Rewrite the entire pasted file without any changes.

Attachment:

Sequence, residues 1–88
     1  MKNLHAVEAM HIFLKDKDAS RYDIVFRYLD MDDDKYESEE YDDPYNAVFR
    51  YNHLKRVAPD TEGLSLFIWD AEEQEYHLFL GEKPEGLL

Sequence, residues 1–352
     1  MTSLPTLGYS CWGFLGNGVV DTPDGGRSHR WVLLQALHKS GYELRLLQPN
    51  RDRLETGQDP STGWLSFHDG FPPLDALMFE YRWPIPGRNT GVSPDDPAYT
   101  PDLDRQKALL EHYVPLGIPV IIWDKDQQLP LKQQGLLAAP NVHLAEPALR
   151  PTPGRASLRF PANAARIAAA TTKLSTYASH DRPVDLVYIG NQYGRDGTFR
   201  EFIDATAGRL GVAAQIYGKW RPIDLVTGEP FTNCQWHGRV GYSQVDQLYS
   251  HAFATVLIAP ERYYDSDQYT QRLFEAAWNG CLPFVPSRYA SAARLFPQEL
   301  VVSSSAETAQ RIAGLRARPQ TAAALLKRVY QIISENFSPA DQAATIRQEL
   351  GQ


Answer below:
Sequence, residues 1–88
     1  MKNLHAVEAM HIFLKDKDAS RYDIVFRYLD MDDDKYESEE YDDPYNAVFR
    51  YNHLKRVAPD TEGLSLFIWD AEEQEYHLFL GEKPEGLL

Sequence, residues 1–352
     1  MTSLPTLGYS CWGFLGNGVV DTPDGGRSHR WVLLQALHKS GYELRLLQPN
    51  RDRLETGQDP STGWLSFHDG FPPLDALMFE YRWPIPGRNT GVSPDDPAYT
   101  PDLDRQKALL EHYVPLGIPV IIWDKDQQLP LKQQGLLAAP NVHLAEPALR
   151  PTPGRASLRF PANAARIAAA TTKLSTYASH DRPVDLVYIG NQYGRDGTFR
   201  EFIDATAGRL GVAAQIYGKW RPIDLVTGEP FTNCQWHGRV GYSQVDQLYS
   251  HAFATVLIAP ERYYDSDQYT QRLFEAAWNG CLPFVPSRYA SAARLFPQEL
   301  VVSSSAETAQ RIAGLRARPQ TAAALLKRVY QIISENFSPA DQAATIRQEL
   351  GQ